Presentation on theme: "The Ethics of War Spring 2007. Main normative questions When, if ever, is resort to war justified? What can we permissibly do in war? Who are responsible."— Presentation transcript:
The Ethics of War Spring 2007
Main normative questions When, if ever, is resort to war justified? What can we permissibly do in war? Who are responsible for, and in, war? What duties can states legitimately impose on their citizens?
Methodological questions The moral status of the norms of war (war convention) Two levels of principle Analogical reasoning Two levels of war (methodological and normative collectivism/individualism)
Moral status of the norms of war ”I propose to call the set of articulated norms, customs, professional codes, legal precepts, religious and philosophical principles and recirpocal arrangements that shape our judgments of military conduct the war convention.” “The terms of our judgments [on war] are most explicitly set forth in positive international law” (Wars: 44).
Conventionalism The laws of war are “taken to reflect, embody or give effect to fundamental moral distinctions and considerations” (Wasserstrom 1986: 396)
Two levels of principle Principles of regulation (conventions, codes of conduct, law) Principles of evaluation (“deep morality”, e.g., human rights)
Analogical reasoning The domestic analogy Self-defence Punishment
Analogical reasoning: ex (1) In the course of a bank robbery, a thief shoots a guard reaching for his gun. The thief is guilty of murder, even if he claims that he acted in self-defence. Since he had no right to rob the bank, he also had no right to defend himself against the bank’s defenders (…) The idea of necessity does not apply to criminal activity: it was not necessary to rob the bank in the first place. (2) In the course of an aggressive war, a soldier shoots another soldier, a member of the enemy army defending his homeland. Assuming a conventional fire-fight, this is not called murder; nor is the soldier regarded after the war as a murderer, even by his former enemies. The case is in fact no different from what it would be if the second soldier shot the first. Neither man is a criminal, and so both can be said to act in self-defence. (MW: 128)
Two levels of war Individual level Collective level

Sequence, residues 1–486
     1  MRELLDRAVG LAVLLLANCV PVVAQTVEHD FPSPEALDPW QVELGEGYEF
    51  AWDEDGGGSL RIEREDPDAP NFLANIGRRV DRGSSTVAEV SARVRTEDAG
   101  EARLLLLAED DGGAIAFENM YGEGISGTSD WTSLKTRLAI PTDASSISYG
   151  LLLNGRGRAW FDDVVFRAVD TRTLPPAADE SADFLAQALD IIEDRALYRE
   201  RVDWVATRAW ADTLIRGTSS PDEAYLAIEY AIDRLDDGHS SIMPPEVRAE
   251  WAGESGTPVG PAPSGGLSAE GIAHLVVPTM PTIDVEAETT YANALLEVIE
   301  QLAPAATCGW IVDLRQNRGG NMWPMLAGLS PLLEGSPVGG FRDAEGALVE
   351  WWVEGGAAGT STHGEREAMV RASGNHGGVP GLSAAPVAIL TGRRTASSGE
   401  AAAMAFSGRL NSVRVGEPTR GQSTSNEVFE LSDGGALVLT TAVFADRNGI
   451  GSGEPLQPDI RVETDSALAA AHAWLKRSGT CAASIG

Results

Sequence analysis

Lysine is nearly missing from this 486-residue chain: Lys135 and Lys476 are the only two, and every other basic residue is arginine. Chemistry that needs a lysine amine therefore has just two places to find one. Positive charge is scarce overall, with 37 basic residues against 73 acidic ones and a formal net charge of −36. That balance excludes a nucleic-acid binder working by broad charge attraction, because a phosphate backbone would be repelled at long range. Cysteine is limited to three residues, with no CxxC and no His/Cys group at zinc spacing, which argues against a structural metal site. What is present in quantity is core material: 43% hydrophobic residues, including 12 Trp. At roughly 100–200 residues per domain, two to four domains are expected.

The legalist paradigm There exists an international society of independent states This international society has a law that establishes the rights of its members – above all the rights of territorial integrity and political sovereignty Any use of force or imminent threat of force by one state against the political sovereignty or territorial integrity of another constitutes aggression and is a criminal act Aggression justifies two kinds of violent response: a war of self- defence by the victim or a war of law enforcement by the victim and any other member of international society Nothing but aggression can justify war Once the aggressor state has been militarily repulsed, it can also be punished (Wars: 61-63).
Jus ad bellum and jus in bello –JAB: When (if ever) is resort to armed force justified? –JIB: What are the rules governing right conduct in war?
Jus ad bellum-criteria Just cause Right intention Legitimate authority Last resort Reasonable hope of success Proportionality Open declaration
UN Charter Paragraphs 42 and 51 of the UN Charter outline the conditions for when use of military force may be legal. § 42 states that: Should the Security Council consider that measures provided for in Article 41 would be inadequate or have proved to be inadequate, it may take such action by air, sea, or land forces as may be necessary to maintain or restore international peace and security. Such action may include demonstrations, blockade, and other operations by air, sea, or land forces of Members of the United Nations. § 51 states that: Nothing in the present Charter shall impair the inherent right of individual or collective self-defence if an armed attack occurs against a Member of the United Nations, until the Security Council has taken measures necessary to maintain international peace and security. Measures taken by Members in the exercise of this right of self-defence shall be immediately reported to the Security Council and shall not in any way affect the authority and responsibility of the Security Council under the present Charter to take at any time such action as it deems necessary in order to maintain or restore international peace and security.